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elastoplastic properties

zaphai's picture

Soil Structure Interaction

I am trying to model the soil churning action of a rotary tiller trough soil structure interaction. Based on some published articles, DEM and SPH approach both have been used to model the tool interaction with the soil. I am little confused in the selection of the appraoch. Can somebody throw some light on advantages and disadvantages of one approach over another and which approach should be chosen for more realistic results.

Xiaodong Li's picture

On the uniqueness of measuring elastoplasticproperties from indentation

Indentation is widely used to measure material mechanical properties such as hardness, elastic modulus, and fracture toughness (for brittle materials). Can one use indentation to extract material elastoplastic properties directly from the measured force-displacement curves? Or simply, is it possible to obtain material stress-strain curves from the corresponding indentation load-displacement curves? In an upcoming paper in JMPS titled "On the uniqueness of measuring elastoplastic properties from indentation: The indistinguishable mystical materials," Xi Chen and colleagues at Columbia University and National Defense Academy, Japan show the existence of "mystical materials", which have distinct elastoplastic properties yet they yield almost identical indentation behaviors, even when the indenter angle is varied in a large range. These mystical materials are, therefore, indistinguishable by many existing indentation analyses unless extreme (and often impractical) indenter angles are used. The authors have established explicit procedures of deriving these mystical materials. In many cases, for a given indenter angle range, a material would have infinite numbers of mystical siblings, and the existence maps of the mystical materials are also obtained. Furthermore, they propose two alternative techniques to effectively distinguish these mystical materials. The study in this paper addresses the important question of the uniqueness of indentation test, as well as providing useful guidelines to properly use the indentation technique to measure material elastoplastic properties.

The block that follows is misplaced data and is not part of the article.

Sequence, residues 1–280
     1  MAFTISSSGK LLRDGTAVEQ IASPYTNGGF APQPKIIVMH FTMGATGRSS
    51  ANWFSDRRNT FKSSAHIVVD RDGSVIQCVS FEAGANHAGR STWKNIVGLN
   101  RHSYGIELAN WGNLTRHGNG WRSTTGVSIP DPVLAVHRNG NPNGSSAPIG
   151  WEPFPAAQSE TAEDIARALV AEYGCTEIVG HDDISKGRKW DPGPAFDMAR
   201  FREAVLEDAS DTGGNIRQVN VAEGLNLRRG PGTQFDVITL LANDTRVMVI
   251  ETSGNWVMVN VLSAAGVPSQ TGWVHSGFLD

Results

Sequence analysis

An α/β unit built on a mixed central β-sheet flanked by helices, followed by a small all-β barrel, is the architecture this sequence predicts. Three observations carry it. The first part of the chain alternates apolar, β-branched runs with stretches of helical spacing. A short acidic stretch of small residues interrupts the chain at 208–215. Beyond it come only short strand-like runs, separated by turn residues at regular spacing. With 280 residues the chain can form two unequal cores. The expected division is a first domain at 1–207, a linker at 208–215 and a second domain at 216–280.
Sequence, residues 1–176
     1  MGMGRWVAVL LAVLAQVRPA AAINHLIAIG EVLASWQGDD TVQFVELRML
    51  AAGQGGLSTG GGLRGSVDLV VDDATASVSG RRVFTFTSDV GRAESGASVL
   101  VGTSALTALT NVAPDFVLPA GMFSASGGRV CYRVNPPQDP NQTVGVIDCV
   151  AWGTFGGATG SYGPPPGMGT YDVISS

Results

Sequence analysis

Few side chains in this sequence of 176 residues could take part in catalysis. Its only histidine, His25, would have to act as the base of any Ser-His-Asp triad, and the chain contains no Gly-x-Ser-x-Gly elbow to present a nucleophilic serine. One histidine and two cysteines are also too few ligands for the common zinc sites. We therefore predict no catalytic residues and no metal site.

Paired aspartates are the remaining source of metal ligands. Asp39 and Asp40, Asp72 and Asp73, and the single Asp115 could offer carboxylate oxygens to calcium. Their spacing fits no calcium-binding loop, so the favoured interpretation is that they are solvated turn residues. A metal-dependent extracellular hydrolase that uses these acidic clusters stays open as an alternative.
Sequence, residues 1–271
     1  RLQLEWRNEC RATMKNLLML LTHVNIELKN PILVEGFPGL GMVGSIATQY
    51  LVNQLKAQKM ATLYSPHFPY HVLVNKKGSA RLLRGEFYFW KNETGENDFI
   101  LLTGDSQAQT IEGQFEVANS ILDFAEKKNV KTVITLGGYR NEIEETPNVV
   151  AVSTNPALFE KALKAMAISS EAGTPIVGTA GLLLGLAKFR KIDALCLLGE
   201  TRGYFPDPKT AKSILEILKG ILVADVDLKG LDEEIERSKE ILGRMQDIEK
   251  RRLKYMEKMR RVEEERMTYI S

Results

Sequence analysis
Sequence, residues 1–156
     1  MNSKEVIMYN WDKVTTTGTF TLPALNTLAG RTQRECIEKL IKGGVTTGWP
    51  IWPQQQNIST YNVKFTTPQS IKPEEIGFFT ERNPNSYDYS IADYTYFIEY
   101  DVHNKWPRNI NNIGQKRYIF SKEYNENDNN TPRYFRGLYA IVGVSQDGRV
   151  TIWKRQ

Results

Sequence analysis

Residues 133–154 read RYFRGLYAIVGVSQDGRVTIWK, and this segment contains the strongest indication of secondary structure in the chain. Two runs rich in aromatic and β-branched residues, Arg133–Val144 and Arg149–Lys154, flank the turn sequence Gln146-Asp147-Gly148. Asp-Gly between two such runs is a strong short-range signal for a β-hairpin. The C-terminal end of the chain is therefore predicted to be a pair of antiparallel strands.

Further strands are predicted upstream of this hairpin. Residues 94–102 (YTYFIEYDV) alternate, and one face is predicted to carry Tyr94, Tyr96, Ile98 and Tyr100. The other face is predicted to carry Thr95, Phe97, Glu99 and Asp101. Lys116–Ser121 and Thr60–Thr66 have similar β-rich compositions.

Xi Chen's picture

Mystical materials in indentation

As an indenter penetrates an elastoplastic material, the indentation load P can be measured as a continuous function of the indentation displacement δ, to obtain the so-called P-δ curve. A primary goal of the indentation analysis is to relate the material elastoplastic properties (such as the Young's modulus, yield stress, and work-hardening exponent) with the indentation response (i.e. the shape factors of the P-δ curve, including its curvature, unloading stiffness, loading work, unloading work, maximum penetration, residual penetration, maximum load, etc.). The sharp indenters (e.g.

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